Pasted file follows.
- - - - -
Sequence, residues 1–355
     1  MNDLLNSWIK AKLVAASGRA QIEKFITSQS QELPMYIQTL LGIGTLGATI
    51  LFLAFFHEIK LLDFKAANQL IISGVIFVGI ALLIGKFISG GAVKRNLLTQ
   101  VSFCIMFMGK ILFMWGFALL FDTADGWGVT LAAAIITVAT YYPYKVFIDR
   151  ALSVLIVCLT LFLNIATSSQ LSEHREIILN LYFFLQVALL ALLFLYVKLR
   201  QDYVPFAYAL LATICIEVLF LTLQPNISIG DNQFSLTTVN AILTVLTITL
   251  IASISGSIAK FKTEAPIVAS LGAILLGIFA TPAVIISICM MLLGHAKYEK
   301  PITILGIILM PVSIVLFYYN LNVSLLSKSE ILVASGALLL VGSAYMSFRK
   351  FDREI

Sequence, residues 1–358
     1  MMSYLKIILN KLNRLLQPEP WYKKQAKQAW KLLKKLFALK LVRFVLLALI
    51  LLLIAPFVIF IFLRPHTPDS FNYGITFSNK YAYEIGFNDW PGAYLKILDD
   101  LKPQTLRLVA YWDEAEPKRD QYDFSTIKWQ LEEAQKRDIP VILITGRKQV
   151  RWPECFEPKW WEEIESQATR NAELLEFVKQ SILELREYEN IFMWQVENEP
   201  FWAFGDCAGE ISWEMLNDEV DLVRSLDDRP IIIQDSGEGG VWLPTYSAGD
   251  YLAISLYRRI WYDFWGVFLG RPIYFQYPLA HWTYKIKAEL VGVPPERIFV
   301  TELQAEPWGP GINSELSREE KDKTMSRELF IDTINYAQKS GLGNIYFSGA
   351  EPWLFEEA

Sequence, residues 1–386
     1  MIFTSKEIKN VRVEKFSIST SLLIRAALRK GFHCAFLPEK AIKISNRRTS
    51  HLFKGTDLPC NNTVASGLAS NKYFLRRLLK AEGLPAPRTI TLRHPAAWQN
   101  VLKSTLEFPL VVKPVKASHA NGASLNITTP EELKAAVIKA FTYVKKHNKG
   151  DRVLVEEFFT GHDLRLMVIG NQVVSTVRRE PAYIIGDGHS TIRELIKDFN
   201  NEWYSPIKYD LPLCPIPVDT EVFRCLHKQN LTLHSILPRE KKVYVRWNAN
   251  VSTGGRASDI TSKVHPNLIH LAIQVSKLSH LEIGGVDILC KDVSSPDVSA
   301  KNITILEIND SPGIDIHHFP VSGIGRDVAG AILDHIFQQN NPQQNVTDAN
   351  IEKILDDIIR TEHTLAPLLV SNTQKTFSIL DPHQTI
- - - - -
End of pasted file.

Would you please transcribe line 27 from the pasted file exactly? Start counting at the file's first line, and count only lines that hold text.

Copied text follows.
   351  IEKILDDIIR TEHTLAPLLV SNTQKTFSIL DPHQTI